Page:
A primary source is a document or physical object which was written or created during the time under study, they were present during an experience or time period and offer an inside view of a particular event.
Some types of primary sources include:
Search by keyword for Primary Sources in the Library Catalog to find direct references to primary source material.
Perform a keyword search for your topic and add one of the words below: (these are examples of words that would identify a source as primary)
To find the appropriateness of a resource, it may be helpful to determine whether it is primary research or secondary research.
Primary research presents original research methods or findings for the first time.
Secondary research does not present new research but provides a compilation or evaluation of previously presented material.
-- A scientific article summarizing research or data, such as in Scientific American, Discover, Annual Review of Genetics, or Biological Reviews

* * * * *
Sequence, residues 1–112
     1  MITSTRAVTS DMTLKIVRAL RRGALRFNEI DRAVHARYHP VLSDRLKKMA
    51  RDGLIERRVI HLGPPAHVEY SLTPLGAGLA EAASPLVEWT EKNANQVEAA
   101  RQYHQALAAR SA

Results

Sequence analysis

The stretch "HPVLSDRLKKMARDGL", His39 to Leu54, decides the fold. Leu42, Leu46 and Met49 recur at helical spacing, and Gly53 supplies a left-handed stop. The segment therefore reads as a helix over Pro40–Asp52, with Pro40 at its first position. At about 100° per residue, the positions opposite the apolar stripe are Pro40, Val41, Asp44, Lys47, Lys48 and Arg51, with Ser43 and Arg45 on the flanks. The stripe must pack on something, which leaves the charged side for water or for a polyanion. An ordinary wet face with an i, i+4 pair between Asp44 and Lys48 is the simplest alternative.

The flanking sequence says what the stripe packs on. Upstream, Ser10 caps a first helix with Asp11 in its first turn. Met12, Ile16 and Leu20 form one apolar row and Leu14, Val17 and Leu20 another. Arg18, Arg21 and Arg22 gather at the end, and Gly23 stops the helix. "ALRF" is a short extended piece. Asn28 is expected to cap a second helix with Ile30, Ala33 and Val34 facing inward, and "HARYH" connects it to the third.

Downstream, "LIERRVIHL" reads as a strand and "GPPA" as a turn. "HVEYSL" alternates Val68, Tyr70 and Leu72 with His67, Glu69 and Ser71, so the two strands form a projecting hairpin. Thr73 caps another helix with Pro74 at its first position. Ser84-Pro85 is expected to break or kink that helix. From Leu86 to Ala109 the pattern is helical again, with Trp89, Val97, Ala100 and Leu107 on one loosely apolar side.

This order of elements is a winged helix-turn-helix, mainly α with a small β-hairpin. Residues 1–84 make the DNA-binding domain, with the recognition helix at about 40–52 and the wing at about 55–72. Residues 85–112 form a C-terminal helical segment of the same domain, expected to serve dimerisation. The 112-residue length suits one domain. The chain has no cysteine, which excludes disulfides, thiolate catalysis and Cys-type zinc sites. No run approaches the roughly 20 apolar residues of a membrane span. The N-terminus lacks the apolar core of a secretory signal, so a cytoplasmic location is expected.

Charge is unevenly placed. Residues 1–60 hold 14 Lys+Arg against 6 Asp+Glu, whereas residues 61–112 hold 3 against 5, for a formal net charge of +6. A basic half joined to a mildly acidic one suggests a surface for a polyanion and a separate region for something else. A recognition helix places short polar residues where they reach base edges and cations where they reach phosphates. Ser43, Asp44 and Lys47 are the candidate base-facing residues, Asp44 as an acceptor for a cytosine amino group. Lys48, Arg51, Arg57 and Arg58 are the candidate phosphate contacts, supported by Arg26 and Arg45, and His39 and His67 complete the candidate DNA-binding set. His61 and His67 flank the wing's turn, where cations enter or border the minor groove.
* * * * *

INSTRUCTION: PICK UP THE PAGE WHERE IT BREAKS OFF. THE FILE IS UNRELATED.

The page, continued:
-- An encyclopedia entry and entries in most other Reference books
-- A textbook
An article in a popular magazine such as Mother Jones about the public health aspects of handgun control -- if it relies on interviews with experts and does not present any new research in the area, this article would be secondary research.
If one of the experts interviewed in the Mother Jones article published a study in JAMA (The Journal of the American Medical Association) documenting for the first time the effect that handguns have on youth mortality rates, only the JAMA article would be considered primary research.
A secondary source interprets and analyzes primary sources. These sources are one or more steps removed from the event.
Secondary sources may have pictures, quotes or graphics of primary sources in them.
Some types of seconday sources include:
Examples of secondary sources include: